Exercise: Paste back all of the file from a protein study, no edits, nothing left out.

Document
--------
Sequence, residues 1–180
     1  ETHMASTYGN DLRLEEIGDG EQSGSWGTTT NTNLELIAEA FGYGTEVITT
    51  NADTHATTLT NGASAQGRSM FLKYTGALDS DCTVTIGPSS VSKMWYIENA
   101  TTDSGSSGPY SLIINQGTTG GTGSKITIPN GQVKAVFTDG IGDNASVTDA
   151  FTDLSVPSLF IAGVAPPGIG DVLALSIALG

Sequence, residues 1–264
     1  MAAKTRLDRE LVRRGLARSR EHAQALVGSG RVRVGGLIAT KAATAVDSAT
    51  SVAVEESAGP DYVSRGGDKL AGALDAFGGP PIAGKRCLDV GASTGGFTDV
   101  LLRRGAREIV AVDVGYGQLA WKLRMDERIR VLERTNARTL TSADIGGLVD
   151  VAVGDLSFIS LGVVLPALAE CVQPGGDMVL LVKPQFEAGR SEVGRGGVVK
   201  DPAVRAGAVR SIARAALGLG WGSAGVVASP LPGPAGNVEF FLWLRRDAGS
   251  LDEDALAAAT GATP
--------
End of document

Sequence, residues 1–180
     1  ETHMASTYGN DLRLEEIGDG EQSGSWGTTT NTNLELIAEA FGYGTEVITT
    51  NADTHATTLT NGASAQGRSM FLKYTGALDS DCTVTIGPSS VSKMWYIENA
   101  TTDSGSSGPY SLIINQGTTG GTGSKITIPN GQVKAVFTDG IGDNASVTDA
   151  FTDLSVPSLF IAGVAPPGIG DVLALSIALG

Sequence, residues 1–264
     1  MAAKTRLDRE LVRRGLARSR EHAQALVGSG RVRVGGLIAT KAATAVDSAT
    51  SVAVEESAGP DYVSRGGDKL AGALDAFGGP PIAGKRCLDV GASTGGFTDV
   101  LLRRGAREIV AVDVGYGQLA WKLRMDERIR VLERTNARTL TSADIGGLVD
   151  VAVGDLSFIS LGVVLPALAE CVQPGGDMVL LVKPQFEAGR SEVGRGGVVK
   201  DPAVRAGAVR SIARAALGLG WGSAGVVASP LPGPAGNVEF FLWLRRDAGS
   251  LDEDALAAAT GATP